During February, in Southern Bali the weather smiled upon me everyday, whereas in Northern Bali I was greeted with heavy showers. Have you ever driven in conditions where you’re forced to slow your speed down to 10 km/h due to the torrential rain driving into your face and eyes and the chance that every passing car will cover you with the entire contents of the road? Calling it rain makes it sound as innocent as some tiny bunny peeing. It was actually more akin to being in the midst of Poseidon’s holy wrath, or an ice bucket challenge featuring infinite buckets. My jacket — which I had thought was waterproof — turned into a mop within minutes. Nevertheless, after bypassing a scarf selling scammer and paying my entrance fee (for visitors, not locals) I was standing in front of Mount Batur.
Mt. Batur is an active volcano, sitting like a pimple, just waiting to be squeezed. The last time this particular pimple erupted was 16 years ago and before that not for 200 years. Some people come here to hike the volcano, others come here to take in the view whilst eating in a restaurant. I wonder what happened to people who were at the volcano’s summit when it started to erupt and if the rescue teams looked for their bodies buried in the lava?
The flats and restaurants being built overlooking the volcano will provide stunning views across the landscape. Watching the volcano erupt at night would be a particularly magnificent spectacle.
One of the standard practices on Bali, which I found annoying, was garbage disposal (or lack of) around tourist areas in particular. It seemed like feeding tourists in restaurants and supplying them with plastic packaged products was the main priority, dealing with the cleanup could wait.
After visiting the viewing platform I made my way down to see the lake. Bali Danau Batur is the largest lake on Bali, it sits in the caldera of Batur volcano, formed 30,000 years ago in Kintamani. This highland area consists of several villages such as Batur, Penelokan, Bungkah, Toya and Kintamani itself. However, the huge mountain caldera of Batur has only three villages on its rim — Kintamani, Batur and Penelokan, sitting at 1500 meters above sea level and offering good views of Mount Batur.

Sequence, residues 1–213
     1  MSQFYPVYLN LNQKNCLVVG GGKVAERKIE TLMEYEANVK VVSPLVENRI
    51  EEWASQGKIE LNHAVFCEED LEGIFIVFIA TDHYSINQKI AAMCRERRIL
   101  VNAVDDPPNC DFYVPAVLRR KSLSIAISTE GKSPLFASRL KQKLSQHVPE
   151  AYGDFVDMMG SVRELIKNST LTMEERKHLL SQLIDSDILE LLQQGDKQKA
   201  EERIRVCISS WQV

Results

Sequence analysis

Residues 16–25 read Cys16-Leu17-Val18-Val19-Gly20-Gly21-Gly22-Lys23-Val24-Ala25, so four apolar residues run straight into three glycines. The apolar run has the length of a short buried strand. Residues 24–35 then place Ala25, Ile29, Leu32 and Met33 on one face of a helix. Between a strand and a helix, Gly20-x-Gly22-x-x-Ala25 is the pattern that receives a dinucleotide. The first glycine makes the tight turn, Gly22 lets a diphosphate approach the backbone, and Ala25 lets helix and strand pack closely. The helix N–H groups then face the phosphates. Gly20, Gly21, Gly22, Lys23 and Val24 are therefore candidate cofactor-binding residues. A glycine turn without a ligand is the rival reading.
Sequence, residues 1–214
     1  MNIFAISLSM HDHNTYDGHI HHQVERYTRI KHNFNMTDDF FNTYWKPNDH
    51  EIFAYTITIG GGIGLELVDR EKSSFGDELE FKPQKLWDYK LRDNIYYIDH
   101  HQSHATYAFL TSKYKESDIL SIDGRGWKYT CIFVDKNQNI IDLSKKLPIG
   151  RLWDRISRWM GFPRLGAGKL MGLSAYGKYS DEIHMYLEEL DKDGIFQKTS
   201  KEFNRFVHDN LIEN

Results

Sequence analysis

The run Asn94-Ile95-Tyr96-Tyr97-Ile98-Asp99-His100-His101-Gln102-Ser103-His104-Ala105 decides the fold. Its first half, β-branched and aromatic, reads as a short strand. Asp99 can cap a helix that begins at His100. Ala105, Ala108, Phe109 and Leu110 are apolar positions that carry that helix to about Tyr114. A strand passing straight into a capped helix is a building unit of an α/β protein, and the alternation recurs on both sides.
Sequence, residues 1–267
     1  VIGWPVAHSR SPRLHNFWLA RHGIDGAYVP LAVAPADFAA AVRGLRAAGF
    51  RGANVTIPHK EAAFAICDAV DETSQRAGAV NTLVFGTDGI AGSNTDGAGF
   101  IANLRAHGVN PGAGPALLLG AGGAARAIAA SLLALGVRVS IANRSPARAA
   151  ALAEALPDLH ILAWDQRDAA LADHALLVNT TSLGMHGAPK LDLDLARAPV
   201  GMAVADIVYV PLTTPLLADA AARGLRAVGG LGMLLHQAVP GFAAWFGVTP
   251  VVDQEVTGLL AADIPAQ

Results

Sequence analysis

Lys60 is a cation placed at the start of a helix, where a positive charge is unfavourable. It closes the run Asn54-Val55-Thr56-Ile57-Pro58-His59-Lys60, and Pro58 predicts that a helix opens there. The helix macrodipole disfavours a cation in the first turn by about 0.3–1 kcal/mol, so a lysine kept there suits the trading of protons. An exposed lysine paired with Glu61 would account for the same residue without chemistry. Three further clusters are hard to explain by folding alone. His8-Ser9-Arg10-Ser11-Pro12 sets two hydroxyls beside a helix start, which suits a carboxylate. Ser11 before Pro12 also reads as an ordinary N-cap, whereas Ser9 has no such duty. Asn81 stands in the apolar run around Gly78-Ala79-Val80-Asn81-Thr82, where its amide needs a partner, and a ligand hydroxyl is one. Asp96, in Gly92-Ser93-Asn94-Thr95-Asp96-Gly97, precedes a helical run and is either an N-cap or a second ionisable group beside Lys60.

The local inhabitants are quite traditional Balinese. The main occupations here are in agriculture and fishing. Fish are caught with handmade nets, fishing rods, harpoons and even by hand.
The volcano’s surroundings look like a slowly dying landscape, with patchy grass creeping through amongst the charred black rocks.
The first thing I saw when I stopped to take a picture of the seemingly endless landscape from the Batunya hilltop was Bedugul Taman Rekreasi Hotel. The incredible dystopian look of the place grabs your attention, making it impossible to leave without checking it out first. The main gates to the complex were closed and a security guy was posted there, but I managed to get in by the back fence. This involved me climbing over a 2 metre fence next to the veranda and ending up in some tall grass next to a durian tree (which may have been full of snakes, who knows). The place reminded me of Tomb Raider jungle missions, in which civilisations have abandoned their habitats, leaving them to be consumed by the surrounding green forest.
However people don’t come here to visit the hotel, people come here to see the Pura Ulun Danu Bratan temple complex, which is located on the shores of Lake Bratan. I came here purely to see the lake itself.